- Elliot and Dowson, Vol. V, p. 97-101 . Elliot and Dowson, History of India as told by its own Historians, 8 Volumes, Allahabad Reprint, 1964.
- One day he ordered that an expedition be sent to Thaneswar, (the tanks at) Kurkaksetra should be filled up with earth, and the land measured and allotted to pious people for their maintenance, He was such a great partisan of Islãm in the days of his youth..... Sultãn Sikandar led a very pious life Islãm was regarded very highly in his reign. The infidels could not muster the courage to worship idols or bathe in the (sacred) streams. During his holy reign, idols were hidden underground. The stone (idol) of Nagarkot, which had misled the (whole) world, was brought and handed over to butchers so that they might weigh meat with it.
- Tãrîkh-i-Shãhî, by Ahmad Yãdgãr, in: Uttara Taimûra Kãlîna Bhãrata, Persian texts translated into Hindi by S.A.A. Rizvi, 2 Volumes, Aligarh, 1958-59. p. 322-331 ff Vol I, In Goel, S.R. Hindu Temples - What happened to them
- He got the temples of the infidels destroyed. No trace of infidelity was left at the place in Mathurã where the infidels used to take bath. He got caravanserais constructed so that people could stay there, and also the shops of various professionals such as the butchers, bãwarchîs, nãnbãîs and sweetmeatsellers. If a Hindu went there for bathing even by mistake, he was made to lose his limbs and punished severely. No Hindu could get shaved at that place. No barber would go near a Hindu, whatever be the payment offered.
- Wãqiãt-i-Mushtãqî, by Shykh Rizqullãh Mushtãqî, in: Uttara Taimûra Kãlîna Bhãrata, Persian texts translated into Hindi by S.A.A. Rizvi, 2 Volumes, Aligarh, 1958-59. Vol I. p. 102 ff, and In Goel, S.R. Hindu Temples - What happened to them
- Why does the monstrous men of an Alauddin Khalji, a Firuz Shah Tughlaq, a Sikandar Lodi, and an Aurangzeb, to name only the most notorious, pop out so soon from the thickest coat of cosmetics?
The answer is provided by the Muslim historians of medieval India. They painted their heroes in the indelible dyes of Islamic ideology. They did not anticipate the day when Islamic imperialism in India will become only a painful memory of the past. They did not visualise that the record of Islam in India will one day be weighed on the scales of human values.
- Sita Ram Goel: The Story of Islamic Imperialism in India
- After the rainy season was over, he marched in Ramzãn AH 910 (AD February-March, 1505) for the conquest of the fort of MunDrãil. He stayed for a month near Dholpur and sent out armies with orders that they should lay waste the environs of Gwãlior and MunDrãil. Thereafter he himself laid siege to the fort of MunDrãil. Those inside the fort surrendered the fort to him after signing a treaty. The Sultãn got the temples demolished and mosques erected in their stead...'After the rainy season was over, he led an expedition towards the fort of Udit Nagar in AH 912 (AD 1506-07)'...Although those inside the fort tried their utmost to seek a pardon, but he did not listen to them, and the fort was breached at many points and conquered' The Sultãn thanked Allãh in die wake of his victory' He got the temples demolished and mosques constructed in their stead...'After the rainy season was over, he made up his mind to take possession of the fort of Narwar which was in the domain of Mãlwã. He ordered Jalãl Khãn Lodî, the governor of Kãlpî, to go there and besiege the fort' The Sultãn himself reached Narwar after some time' He kept the fort under siege for an year' The soldiers went out to war everyday and got killed' ...'Thereafter the inhabitants of the fort were in plight due to scarcity of water and dearness of grains, and they asked for forgiveness. They went out with their wealth and property. The Sultãn laid waste the temples and raised mosques. Men of learning and students were made to reside there and given scholarships and grants. He stayed for six months under the walls of the fort.'...'He was a stout partisan of Islãm and made great endeavours on this score. He got all temples of the infidels demolished, and did not allow even a trace of them to remain. In Mathurã, where the infidels used to get together for bathing, he got constructed caravanserais, markets, mosques and madrasas, and appointed there officers with instructions that they should allow no one to bathe; if any Hindû desired to get his beard or head shaved in the city of Mathurã, no barber was prepared to cut his hair.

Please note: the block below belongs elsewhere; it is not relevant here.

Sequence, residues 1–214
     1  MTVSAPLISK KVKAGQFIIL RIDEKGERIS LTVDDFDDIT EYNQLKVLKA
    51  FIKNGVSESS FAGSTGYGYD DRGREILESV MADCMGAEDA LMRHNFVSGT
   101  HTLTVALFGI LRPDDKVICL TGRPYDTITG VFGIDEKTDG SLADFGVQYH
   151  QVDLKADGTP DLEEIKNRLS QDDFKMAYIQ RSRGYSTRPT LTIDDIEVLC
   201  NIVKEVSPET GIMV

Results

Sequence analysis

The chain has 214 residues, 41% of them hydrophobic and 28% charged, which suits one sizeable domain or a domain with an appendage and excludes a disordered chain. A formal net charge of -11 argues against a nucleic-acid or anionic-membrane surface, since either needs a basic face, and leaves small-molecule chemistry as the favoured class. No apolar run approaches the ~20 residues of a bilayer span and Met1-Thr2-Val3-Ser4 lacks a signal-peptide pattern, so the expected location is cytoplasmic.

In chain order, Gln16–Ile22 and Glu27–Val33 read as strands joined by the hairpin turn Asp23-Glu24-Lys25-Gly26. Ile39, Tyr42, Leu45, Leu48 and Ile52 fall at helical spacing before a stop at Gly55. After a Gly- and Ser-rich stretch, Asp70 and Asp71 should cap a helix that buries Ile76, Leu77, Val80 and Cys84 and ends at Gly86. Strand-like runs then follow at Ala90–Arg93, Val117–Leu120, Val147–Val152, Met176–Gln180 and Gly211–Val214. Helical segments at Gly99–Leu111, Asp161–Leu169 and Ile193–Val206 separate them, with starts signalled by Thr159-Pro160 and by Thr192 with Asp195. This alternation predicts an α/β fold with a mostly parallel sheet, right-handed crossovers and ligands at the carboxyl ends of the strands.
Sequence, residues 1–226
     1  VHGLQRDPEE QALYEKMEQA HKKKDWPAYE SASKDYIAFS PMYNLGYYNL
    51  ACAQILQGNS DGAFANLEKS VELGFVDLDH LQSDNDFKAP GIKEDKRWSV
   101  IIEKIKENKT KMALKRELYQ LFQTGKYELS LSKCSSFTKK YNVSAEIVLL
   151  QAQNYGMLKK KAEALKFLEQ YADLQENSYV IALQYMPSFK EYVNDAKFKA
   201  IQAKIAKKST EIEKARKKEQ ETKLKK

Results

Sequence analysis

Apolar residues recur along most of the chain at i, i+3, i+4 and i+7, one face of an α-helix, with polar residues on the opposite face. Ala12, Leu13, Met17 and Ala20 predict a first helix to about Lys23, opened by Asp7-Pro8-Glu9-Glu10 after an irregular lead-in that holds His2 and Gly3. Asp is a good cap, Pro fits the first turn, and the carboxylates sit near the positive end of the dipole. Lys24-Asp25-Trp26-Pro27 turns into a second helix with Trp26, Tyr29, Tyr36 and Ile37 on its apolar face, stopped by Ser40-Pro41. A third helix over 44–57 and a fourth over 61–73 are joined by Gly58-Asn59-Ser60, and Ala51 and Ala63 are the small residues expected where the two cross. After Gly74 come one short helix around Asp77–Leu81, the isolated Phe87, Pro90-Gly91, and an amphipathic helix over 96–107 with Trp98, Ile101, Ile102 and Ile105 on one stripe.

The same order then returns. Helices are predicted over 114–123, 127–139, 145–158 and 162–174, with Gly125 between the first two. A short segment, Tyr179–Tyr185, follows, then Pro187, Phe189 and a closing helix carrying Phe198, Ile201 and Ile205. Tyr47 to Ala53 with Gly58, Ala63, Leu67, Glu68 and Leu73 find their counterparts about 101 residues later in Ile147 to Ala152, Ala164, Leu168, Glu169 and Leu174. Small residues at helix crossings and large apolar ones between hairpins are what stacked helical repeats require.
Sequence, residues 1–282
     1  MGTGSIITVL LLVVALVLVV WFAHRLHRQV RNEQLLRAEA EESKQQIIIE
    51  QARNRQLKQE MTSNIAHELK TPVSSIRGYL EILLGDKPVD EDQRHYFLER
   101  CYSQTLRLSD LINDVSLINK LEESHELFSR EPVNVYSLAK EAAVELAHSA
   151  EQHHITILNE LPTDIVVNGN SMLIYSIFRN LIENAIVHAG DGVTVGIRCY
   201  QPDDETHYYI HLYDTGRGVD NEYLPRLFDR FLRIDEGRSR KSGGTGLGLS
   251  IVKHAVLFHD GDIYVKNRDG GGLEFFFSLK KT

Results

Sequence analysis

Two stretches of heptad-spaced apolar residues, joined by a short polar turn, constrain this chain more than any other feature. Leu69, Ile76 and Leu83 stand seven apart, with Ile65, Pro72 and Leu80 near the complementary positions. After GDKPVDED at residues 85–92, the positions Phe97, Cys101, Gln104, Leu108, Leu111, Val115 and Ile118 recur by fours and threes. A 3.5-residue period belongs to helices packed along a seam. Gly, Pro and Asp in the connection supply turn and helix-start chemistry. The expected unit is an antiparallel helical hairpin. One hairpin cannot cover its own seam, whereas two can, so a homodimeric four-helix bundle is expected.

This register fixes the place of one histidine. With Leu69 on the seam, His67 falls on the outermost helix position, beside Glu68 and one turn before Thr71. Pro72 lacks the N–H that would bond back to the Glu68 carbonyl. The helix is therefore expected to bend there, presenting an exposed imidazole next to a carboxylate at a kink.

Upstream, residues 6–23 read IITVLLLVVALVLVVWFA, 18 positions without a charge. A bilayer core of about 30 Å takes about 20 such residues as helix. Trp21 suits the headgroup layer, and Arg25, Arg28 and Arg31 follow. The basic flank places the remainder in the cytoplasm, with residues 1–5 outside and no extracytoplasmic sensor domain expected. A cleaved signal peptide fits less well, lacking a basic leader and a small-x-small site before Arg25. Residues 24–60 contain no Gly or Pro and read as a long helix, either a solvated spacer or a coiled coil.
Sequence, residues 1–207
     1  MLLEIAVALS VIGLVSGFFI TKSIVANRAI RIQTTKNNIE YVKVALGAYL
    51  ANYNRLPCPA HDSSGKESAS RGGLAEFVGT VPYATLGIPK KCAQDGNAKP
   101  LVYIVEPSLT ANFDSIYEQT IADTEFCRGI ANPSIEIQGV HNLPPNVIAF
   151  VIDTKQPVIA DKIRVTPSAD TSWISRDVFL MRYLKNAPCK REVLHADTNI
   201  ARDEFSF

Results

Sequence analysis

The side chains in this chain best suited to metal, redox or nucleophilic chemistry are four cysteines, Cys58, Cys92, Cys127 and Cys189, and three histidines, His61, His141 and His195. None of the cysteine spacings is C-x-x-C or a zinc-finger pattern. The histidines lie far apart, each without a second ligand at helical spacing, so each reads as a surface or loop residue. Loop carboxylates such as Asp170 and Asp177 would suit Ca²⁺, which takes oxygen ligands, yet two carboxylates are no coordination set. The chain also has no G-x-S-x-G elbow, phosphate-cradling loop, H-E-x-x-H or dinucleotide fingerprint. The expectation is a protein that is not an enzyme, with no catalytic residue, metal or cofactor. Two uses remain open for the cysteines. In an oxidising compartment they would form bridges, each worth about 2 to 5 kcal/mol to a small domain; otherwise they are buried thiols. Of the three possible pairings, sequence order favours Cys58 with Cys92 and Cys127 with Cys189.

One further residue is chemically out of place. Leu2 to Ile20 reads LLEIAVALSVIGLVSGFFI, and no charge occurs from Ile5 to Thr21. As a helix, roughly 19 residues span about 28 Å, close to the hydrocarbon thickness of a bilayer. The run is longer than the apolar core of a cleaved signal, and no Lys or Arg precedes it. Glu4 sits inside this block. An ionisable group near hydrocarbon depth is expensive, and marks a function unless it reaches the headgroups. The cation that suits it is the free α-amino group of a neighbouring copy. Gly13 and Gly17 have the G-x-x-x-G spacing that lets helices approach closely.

- Tabqãt-i-Akharî, Translated from the Hindi version by S.A.A. Rizvi included in Uttara Taimûr Kãlîna Bhãrata, Aligarb, 1958. Vol. I, In Goel, S.R. Hindu Temples - What happened to them
- At the time of his return he restored the fort of Dholpur also to Binãyik Deo, and having spent the rainy season in Ãgra after the rising of the Canopus in the year AH 910 (AD 1504), marched to reduce the fortress of Mandrãyal, which lie took without fighting from the Rãjah of Mandrãyal, who sued for peace; he also destroyed all the idol-temples and churches of the place...'And in the year AH 912 (AD 1506), after the rising of the Canopus, he marched against the fortress of ÛntgaRh and laid siege to it, and many of his men joyfully embraced martyrdom, after that he took the fort and gave the infidels as food to the sword' He then cast down the idol-temples, and built there lofty mosques.'183
- Muntakhãbut-Tawãrikh, translated into English by George S.A. Ranking, Patna Reprint 1973, Vol. I, p. 420-22